When it comes to cleaning, the image of hard work usually accompanies it – as in it’s hard work to clean your living room, clean the kitchen and clean your entire house. Abrasive cleaners bring their own ‘hard work’ to the cleaning game, with built-in elbow grease, if you will.
Abrasive cleaners are designed to remove relatively heavy amounts of soil often found in small areas. They come in powder and liquid form and they help cut down on the hard scrubbing required to remove soil. Dry abrasives, or powdered cleansers, contain materials that wear the dirt off and is a staple among household cleaners. The cleaning and polishing action of powdered cleansers is made possible by the fine particles of common minerals. Calcite, feldspar, quartz, silica, pumice, and marble are just some of the minerals used in dry abrasives today. They also contain small amounts of surfactants for removing oils such as the greasy film found in sinks after dish washing. When removing food, beverage or mold stains, a bleaching agent is usually present. If removing rust stains, oxalic acid or sodium hydrosulphite would be found in the cleanser. Sandpaper, steel wool, scouring pads, plastic and nylon meshes are also considered dry abrasives but are obviously not powdered cleansers, more along the lines of abrasive cleaning tools.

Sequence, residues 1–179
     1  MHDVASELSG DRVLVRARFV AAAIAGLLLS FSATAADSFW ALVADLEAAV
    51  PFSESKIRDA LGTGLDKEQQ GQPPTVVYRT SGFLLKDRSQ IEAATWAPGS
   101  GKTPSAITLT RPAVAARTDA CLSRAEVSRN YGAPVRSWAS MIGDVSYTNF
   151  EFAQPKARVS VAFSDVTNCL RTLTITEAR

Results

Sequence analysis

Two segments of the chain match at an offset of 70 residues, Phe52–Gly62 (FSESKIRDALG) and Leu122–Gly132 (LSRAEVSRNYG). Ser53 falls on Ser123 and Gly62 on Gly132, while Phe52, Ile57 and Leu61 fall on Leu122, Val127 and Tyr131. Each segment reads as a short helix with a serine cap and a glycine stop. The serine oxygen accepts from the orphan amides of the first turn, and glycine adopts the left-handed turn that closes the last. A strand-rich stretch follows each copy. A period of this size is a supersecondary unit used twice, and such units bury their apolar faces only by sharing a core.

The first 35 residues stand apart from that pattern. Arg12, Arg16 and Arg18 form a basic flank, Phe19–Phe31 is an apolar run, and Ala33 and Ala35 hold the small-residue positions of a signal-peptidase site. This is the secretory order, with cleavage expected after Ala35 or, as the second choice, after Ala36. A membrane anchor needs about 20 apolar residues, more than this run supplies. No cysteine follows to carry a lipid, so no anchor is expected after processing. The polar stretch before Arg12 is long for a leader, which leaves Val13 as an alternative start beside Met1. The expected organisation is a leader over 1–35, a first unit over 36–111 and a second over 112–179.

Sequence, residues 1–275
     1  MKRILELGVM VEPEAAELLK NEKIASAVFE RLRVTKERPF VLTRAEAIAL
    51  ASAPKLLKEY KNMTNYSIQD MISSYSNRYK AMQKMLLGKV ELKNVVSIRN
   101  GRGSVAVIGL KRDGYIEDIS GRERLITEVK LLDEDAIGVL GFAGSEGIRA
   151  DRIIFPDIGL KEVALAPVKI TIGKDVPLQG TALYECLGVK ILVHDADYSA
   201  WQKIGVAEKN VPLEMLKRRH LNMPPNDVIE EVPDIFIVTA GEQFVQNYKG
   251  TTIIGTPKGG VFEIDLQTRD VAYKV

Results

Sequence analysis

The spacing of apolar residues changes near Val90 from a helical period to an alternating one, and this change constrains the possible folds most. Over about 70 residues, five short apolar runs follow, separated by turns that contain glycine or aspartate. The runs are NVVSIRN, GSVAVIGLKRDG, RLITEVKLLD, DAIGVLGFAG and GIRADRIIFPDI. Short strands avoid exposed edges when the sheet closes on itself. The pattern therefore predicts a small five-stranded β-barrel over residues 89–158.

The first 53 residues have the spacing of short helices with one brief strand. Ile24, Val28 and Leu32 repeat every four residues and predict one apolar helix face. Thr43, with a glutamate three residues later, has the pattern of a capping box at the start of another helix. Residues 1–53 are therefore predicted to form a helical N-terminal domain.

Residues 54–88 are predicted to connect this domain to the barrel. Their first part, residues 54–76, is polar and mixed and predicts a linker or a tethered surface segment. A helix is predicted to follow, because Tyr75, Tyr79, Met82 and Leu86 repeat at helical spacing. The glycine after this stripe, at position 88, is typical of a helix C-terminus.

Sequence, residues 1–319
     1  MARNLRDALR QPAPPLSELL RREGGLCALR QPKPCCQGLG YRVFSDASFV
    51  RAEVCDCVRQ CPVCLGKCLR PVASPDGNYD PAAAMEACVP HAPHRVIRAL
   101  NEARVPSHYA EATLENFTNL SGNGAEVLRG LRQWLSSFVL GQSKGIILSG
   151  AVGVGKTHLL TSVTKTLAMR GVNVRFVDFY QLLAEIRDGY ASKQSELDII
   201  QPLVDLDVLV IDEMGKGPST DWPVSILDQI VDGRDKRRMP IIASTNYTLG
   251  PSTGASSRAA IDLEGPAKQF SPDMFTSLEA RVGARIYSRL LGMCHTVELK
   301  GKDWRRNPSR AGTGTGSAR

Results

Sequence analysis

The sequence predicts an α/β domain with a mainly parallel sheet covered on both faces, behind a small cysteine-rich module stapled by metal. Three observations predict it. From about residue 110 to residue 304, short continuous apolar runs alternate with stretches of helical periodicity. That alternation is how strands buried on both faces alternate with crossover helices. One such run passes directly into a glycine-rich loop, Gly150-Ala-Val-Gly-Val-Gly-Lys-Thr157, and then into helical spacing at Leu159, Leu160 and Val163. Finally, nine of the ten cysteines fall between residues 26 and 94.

You can’t have the dry without the wet abrasives or liquid cleansers. They have solid abrasive particles, just like dry abrasives but they are contained in a thick liquid matrix. This makes for easier an application and you have more control with this type of abrasive, being able to pinpoint where you use the cleanser. They have more surfactants and softer abrasives than powdered cleansers, giving you a gentler abrasive action. You would use liquid cleansers instead of powdered cleansers when the item or items to be cleaned are primarily made of softer or sensitive materials.